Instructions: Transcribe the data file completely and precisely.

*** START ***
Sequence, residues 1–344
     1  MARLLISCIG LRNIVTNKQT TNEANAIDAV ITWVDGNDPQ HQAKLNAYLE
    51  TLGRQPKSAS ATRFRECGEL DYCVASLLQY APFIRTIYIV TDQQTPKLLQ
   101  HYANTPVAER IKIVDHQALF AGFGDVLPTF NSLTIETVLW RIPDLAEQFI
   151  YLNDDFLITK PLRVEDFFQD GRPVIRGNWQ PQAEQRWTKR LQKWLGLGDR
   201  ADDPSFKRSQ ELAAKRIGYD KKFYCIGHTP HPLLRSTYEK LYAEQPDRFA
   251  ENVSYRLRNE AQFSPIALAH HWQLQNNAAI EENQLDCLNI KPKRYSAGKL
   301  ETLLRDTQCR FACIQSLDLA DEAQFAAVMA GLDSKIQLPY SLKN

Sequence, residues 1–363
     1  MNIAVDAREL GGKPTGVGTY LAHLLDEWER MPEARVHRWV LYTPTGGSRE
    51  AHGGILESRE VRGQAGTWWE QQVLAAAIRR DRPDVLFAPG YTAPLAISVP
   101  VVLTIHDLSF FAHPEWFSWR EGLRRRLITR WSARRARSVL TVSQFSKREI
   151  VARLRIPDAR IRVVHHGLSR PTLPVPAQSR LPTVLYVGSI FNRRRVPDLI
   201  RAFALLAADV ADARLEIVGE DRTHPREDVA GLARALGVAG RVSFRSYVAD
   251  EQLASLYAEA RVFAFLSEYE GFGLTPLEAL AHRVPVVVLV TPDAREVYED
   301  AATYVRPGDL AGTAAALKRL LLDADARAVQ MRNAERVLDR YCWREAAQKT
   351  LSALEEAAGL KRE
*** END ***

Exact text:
Sequence, residues 1–344
     1  MARLLISCIG LRNIVTNKQT TNEANAIDAV ITWVDGNDPQ HQAKLNAYLE
    51  TLGRQPKSAS ATRFRECGEL DYCVASLLQY APFIRTIYIV TDQQTPKLLQ
   101  HYANTPVAER IKIVDHQALF AGFGDVLPTF NSLTIETVLW RIPDLAEQFI
   151  YLNDDFLITK PLRVEDFFQD GRPVIRGNWQ PQAEQRWTKR LQKWLGLGDR
   201  ADDPSFKRSQ ELAAKRIGYD KKFYCIGHTP HPLLRSTYEK LYAEQPDRFA
   251  ENVSYRLRNE AQFSPIALAH HWQLQNNAAI EENQLDCLNI KPKRYSAGKL
   301  ETLLRDTQCR FACIQSLDLA DEAQFAAVMA GLDSKIQLPY SLKN

Sequence, residues 1–363
     1  MNIAVDAREL GGKPTGVGTY LAHLLDEWER MPEARVHRWV LYTPTGGSRE
    51  AHGGILESRE VRGQAGTWWE QQVLAAAIRR DRPDVLFAPG YTAPLAISVP
   101  VVLTIHDLSF FAHPEWFSWR EGLRRRLITR WSARRARSVL TVSQFSKREI
   151  VARLRIPDAR IRVVHHGLSR PTLPVPAQSR LPTVLYVGSI FNRRRVPDLI
   201  RAFALLAADV ADARLEIVGE DRTHPREDVA GLARALGVAG RVSFRSYVAD
   251  EQLASLYAEA RVFAFLSEYE GFGLTPLEAL AHRVPVVVLV TPDAREVYED
   301  AATYVRPGDL AGTAAALKRL LLDADARAVQ MRNAERVLDR YCWREAAQKT
   351  LSALEEAAGL KRE